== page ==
The Introduction treats of Chronology and of the Prophetical Office, p. 4-9.

Book I.—The Prophets.—Muhammad.—The Twelve Imáms, p. 9-39.

Book II.—Chapter 1st.—The kings who preceded Muham­mad.—The Peshdádians.—Kaíánians.—Ashgánians.—Sásán-ians.—Kings of Babylon.—Syria.—Greece.—Yemen.—Ghassán. —Khákáns of Turks.

Chapter 2nd.—Kings subsequent to Muhammad.—'Abbáside Khalifs.—Táhirians.—Arab Kings of Spain.—Sharífs of Mecca. —Isma'ílians.—Sultáns of Gílán and Mázandarán.—Saffárians. —Búwaihides.—Ghaznívides.—Saljúkians.—Khwárizm-sháhís. —Karákhitáís.—Atábaks.—Ghorians.—Chiefs of Arabia.—The Cæsars of Rúm.—The Sultáns of Hind.—Guzerát.—Dekhin.— Chiefs of Lár and Hormuz.—The Khákáns of Mughals.—Sultáns of Máwaráu-n Nahr.—Amír Tímúr.—Sháh Rukh.—Sons of 'Umar Shaikh.—Descendants of Mírán Sháh.—The family of 'Usmán.—The Sultáns of Kárá-kúínlú, and of Ák-kúínlú,* pp. 39-433.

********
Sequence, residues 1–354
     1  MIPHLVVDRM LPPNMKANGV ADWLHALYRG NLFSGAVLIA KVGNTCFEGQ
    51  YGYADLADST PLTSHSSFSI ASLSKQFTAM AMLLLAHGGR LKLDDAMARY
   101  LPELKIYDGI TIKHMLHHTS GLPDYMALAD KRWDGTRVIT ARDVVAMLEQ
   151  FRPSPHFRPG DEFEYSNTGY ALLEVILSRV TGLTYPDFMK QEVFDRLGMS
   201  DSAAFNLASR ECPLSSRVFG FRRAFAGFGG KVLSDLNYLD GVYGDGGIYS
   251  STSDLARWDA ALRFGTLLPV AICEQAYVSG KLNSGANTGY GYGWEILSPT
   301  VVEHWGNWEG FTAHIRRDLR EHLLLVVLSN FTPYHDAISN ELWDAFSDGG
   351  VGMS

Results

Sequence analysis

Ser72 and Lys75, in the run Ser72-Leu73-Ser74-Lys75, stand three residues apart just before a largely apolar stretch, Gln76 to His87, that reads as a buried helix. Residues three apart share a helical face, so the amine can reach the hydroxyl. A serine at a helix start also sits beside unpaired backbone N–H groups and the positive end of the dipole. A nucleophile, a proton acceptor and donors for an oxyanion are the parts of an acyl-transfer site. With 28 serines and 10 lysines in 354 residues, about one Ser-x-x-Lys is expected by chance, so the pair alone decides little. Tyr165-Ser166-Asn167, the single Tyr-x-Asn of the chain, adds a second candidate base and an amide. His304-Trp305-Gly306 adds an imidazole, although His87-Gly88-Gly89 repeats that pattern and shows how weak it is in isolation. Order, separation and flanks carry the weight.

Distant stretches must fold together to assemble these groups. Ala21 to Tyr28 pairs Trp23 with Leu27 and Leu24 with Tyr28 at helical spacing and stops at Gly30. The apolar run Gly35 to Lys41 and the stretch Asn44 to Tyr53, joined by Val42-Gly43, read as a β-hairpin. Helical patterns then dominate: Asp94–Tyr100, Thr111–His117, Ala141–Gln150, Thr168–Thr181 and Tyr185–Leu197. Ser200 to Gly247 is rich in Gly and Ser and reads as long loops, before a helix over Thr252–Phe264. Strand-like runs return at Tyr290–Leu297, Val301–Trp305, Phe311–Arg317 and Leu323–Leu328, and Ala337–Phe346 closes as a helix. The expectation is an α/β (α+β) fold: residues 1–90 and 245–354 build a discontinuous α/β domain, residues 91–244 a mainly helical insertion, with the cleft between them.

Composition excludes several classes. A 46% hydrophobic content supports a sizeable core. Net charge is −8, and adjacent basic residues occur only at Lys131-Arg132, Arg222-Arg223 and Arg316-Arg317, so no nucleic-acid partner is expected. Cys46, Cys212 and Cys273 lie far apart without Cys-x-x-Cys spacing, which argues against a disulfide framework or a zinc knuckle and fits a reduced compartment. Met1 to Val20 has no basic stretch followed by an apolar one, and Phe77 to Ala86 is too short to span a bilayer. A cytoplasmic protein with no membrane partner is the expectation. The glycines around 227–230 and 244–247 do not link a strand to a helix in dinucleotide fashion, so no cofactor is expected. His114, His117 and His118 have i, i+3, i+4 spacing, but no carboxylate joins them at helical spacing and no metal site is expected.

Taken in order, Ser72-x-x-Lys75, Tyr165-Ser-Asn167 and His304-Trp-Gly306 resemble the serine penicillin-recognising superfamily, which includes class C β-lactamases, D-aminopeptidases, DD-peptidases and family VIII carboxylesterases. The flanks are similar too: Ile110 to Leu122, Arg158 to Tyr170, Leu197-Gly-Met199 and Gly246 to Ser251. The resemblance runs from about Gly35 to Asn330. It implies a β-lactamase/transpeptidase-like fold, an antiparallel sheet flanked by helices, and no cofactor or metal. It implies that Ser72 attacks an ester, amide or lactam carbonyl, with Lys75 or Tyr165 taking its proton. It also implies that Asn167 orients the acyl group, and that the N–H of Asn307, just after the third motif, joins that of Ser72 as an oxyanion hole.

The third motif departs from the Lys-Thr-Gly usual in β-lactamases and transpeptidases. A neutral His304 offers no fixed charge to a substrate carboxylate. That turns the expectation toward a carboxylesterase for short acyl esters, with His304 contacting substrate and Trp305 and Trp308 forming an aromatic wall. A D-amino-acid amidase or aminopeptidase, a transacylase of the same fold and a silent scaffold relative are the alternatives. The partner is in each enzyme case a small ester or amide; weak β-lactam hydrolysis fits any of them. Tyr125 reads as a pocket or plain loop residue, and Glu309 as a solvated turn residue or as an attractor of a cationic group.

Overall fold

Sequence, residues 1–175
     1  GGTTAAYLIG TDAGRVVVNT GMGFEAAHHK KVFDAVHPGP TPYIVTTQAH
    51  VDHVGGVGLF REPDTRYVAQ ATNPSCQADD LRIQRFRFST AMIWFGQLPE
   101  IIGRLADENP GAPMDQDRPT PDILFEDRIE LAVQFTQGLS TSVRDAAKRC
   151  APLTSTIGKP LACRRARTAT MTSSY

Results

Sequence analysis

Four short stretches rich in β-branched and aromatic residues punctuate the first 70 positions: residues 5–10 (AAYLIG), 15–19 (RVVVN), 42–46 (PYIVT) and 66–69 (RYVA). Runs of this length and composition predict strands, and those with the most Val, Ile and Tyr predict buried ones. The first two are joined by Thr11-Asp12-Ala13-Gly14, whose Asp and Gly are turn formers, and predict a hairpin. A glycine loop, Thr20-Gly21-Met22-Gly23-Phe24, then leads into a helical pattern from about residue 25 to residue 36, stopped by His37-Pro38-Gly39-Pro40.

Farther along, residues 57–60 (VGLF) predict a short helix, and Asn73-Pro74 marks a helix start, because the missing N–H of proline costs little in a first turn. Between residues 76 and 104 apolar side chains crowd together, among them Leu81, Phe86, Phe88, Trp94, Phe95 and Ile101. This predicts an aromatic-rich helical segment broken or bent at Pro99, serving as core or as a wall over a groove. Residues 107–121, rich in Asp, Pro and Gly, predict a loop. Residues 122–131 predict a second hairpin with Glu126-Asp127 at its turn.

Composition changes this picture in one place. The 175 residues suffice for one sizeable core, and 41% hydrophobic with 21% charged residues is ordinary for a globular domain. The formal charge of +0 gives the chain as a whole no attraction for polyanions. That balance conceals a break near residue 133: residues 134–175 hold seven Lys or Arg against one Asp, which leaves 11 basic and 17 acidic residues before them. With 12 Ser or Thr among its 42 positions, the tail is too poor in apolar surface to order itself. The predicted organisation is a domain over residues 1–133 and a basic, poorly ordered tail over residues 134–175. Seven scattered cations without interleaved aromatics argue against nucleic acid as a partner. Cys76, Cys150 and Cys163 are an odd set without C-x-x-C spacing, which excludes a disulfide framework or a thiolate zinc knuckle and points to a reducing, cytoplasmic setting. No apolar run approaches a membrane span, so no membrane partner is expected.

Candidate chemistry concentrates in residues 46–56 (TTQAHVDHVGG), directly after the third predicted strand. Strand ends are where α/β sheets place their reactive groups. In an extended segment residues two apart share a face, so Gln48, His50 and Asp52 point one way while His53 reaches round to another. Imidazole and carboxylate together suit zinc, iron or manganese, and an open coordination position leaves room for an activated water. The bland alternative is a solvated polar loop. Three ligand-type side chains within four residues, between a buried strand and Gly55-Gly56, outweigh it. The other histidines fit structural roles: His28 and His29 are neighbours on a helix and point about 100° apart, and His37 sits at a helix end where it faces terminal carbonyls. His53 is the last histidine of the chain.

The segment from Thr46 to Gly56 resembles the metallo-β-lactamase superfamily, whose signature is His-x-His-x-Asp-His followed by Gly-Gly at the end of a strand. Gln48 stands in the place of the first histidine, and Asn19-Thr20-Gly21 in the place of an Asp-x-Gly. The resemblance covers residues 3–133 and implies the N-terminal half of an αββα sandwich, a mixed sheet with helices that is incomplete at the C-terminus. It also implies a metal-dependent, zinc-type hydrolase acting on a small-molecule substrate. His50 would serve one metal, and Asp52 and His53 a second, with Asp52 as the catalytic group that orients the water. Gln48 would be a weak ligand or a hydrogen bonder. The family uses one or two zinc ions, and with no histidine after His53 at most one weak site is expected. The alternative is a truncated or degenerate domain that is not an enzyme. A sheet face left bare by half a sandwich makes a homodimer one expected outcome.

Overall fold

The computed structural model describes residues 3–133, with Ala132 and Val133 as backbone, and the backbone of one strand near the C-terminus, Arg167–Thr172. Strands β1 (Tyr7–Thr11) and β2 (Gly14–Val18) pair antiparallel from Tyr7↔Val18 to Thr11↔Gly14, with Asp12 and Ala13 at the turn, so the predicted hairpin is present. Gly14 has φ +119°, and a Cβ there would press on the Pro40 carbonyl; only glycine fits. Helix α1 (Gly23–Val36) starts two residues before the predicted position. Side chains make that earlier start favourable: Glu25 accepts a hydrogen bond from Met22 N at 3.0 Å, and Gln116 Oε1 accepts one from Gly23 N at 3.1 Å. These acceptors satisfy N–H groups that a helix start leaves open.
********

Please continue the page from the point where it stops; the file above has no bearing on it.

Book III.—The Saffavían dynasty, p. 434-578.

SIZE.—Small folio, 578 pp. of 18 lines each.

The subdivisions are given in greater detail in the Jahrbücher, and in exacter correspondence with the original; but it is strange that all notice of Book III. is omitted. I have seen copies in this country also, in which there is no mention of that Book.

Von Hammer-Pursgtall observes that the work is not common in Europe, but notices three copies in London, and one in his own collection. M. Fraehn also notices it among his desiderata. I know of three copies in India; at Dehlí, at Lucknow, and at Haidarábád, none of which are of conspicuous merit.*